Next up on J.B.s confrontations is a nice little altercation with Paige, one that I’d say is deserved.  It’s really pretty hilarious to note that Peter’s only been dead for a teeny tiny bit and that we only just recently ended the story of who killed him and found out it was Paige.  Rather than going to prison or, you know, at least a courtroom where she discusses what happened, Paige seems to have gotten off scot-free, only having to stop at Greg’s ranch to apologize.  Here, drunken J.B. comes saddling up to Paige and asks, “How can you sleep at night?” and then says a bunch of stuff about how she doubts that Paige even cares about Peter’s death.  For the record, I agree with J.B.  As much as I like the Paige character, and I do, especially since she escaped her season eight bad storytelling problems and started to be a compelling character in her own right (a compelling character with great fashion sense), I don’t think Paige has stopped to think twice about Peter’s death.  I think she’s just relieved she didn’t really get into much trouble and she’s happy to start sleeping with new people and never think about Peter again.  J.B. pulls a nice move here by “accidentally” hitting Paige really hard with her purse as she turns to walk away.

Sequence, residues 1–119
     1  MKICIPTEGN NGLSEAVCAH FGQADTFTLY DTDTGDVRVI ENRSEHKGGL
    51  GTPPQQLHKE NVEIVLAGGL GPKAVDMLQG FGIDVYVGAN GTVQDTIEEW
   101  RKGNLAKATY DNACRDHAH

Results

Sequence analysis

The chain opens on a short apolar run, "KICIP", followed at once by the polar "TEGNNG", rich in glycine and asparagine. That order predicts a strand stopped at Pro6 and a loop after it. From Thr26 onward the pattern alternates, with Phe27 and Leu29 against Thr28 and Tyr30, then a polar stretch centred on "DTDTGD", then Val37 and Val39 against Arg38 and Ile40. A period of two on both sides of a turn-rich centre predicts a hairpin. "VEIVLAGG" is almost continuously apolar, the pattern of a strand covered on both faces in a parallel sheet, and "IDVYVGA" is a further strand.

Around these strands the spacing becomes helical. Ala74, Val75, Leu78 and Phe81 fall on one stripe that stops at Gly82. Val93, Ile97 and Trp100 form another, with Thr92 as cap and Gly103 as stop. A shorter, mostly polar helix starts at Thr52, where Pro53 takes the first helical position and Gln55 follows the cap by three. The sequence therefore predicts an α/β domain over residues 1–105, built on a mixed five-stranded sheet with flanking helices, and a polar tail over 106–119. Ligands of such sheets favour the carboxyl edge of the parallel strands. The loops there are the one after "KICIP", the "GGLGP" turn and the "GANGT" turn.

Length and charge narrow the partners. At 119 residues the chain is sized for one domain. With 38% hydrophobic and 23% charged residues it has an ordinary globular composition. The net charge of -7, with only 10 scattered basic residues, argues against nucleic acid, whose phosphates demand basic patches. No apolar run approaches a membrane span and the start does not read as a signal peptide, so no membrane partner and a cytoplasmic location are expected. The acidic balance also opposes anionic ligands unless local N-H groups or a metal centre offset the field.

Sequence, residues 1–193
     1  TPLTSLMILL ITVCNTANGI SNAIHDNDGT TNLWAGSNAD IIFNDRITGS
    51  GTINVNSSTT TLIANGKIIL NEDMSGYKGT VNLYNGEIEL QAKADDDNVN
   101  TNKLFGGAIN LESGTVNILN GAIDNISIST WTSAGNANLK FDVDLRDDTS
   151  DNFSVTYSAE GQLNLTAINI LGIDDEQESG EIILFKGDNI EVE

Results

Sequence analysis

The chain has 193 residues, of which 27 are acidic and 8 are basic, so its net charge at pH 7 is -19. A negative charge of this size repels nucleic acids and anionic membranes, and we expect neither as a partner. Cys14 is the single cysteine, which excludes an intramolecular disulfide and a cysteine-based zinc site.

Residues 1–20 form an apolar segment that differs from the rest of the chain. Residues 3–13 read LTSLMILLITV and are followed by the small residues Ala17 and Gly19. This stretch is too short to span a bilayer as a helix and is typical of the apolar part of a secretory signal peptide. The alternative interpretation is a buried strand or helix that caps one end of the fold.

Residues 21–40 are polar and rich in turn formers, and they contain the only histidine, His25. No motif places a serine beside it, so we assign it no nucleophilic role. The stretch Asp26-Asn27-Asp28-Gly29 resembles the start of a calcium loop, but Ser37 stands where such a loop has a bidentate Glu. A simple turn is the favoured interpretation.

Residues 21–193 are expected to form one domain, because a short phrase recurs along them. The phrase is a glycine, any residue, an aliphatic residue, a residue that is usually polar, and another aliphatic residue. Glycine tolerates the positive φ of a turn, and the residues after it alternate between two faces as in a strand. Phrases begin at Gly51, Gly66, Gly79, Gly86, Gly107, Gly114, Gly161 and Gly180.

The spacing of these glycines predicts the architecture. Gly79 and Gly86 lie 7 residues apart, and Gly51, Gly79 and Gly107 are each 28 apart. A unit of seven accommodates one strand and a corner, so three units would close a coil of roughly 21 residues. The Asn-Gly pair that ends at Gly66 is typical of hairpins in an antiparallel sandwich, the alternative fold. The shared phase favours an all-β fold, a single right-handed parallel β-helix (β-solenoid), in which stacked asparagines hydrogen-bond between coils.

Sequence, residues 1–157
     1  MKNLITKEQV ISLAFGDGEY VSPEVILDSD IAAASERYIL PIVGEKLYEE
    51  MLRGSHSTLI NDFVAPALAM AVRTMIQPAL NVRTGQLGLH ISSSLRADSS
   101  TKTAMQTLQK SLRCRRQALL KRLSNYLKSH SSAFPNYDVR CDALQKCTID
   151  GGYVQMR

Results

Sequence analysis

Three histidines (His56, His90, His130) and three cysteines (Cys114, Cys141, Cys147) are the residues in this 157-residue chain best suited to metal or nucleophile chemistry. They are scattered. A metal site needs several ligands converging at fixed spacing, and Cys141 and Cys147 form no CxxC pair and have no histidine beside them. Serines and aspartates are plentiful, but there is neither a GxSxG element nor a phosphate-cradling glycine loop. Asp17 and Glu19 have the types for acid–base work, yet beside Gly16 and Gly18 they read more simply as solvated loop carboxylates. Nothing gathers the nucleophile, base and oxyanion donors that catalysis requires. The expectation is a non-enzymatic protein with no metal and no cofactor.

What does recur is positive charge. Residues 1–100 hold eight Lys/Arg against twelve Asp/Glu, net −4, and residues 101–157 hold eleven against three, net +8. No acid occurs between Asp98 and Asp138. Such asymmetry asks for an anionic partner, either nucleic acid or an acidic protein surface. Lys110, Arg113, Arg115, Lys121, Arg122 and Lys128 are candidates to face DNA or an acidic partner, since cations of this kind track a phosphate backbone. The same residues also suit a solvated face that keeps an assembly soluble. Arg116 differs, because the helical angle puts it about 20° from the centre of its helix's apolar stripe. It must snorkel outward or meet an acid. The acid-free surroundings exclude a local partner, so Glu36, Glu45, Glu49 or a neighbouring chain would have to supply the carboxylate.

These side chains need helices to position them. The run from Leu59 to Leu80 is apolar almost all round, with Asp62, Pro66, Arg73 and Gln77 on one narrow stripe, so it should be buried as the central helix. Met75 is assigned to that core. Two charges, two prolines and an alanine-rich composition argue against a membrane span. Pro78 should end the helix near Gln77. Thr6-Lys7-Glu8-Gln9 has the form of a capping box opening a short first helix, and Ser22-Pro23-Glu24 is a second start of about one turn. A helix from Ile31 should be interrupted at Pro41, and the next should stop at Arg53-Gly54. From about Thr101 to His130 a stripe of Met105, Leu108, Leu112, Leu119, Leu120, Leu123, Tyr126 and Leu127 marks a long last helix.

Before we move on to the big emotional center of the ep, which is Laura’s videotapes, let’s talk about Richard Avery, the one and only Plesh, who has been gloriously reintroduced to our lives for this brief run of two eps.  Oh, how very lovely to see him again, and how very lovely that he slides back into proceedings with such grace.  In some weird way, it feels like he never left, even though he did leave, and a long time ago at that.  While talking with J.B., he says how he and Laura split up a long time ago, “Before you were born,” he says.  I wonder if this is an improvisational bit of business from The Plesh, if he’s kinda making his own meta-statement on the show, on how the last time he was around, J.B. wasn’t even a thought in any of the writers’ minds.  Later, he’s having a smoke (the first time we’ve seen him smoke a cigarette since way back in season two’s Hitchhike: Part One and, since I love watching people smoke, I adored this) when Karen comes out to catch up with him.  We get a fabulous performance from The Plesh and he tries to explain his feelings to Karen, telling her how he is sad but he’s having a hard time processing it.  He gives a nice speech, a real display of naked truth, in which he says how, “Ten years ago it was all women’s lib, all women leaving their husbands; she started making all that money and I couldn’t handle it.  I wasn’t brought up that way; none of us were.”  I think this line is a lot deeper than it might appear at first glance.  I think Richard is showing his own growth as a person but also managing to explain how society brought him up to believe it’s inherently wrong for a woman to make more money than a man.  I’d say now, with his new wife that we never see, but who is probably a very nice person, Richard has realized he was wrong way back when, but he is also able to see what lead him to feeling that way in the first place.  As my readers probably know by now and through my essays chronicling the first four seasons, I tend to have a very hard time condemning Richard.  While it’s shitty to up and leave your wife and children one night and never come back until the woman is dead, there’s something about Richard’s honesty about himself and his own flaws that keeps him sympathetic.  I still find Richard so interesting and The Plesh’s portrayal of him so brilliant and multifaceted that, if the powers that be at CBS decided to spin Richard off after this ep and make a show about, oh I dunno, Richard’s new life with his new family, I would totally watch it.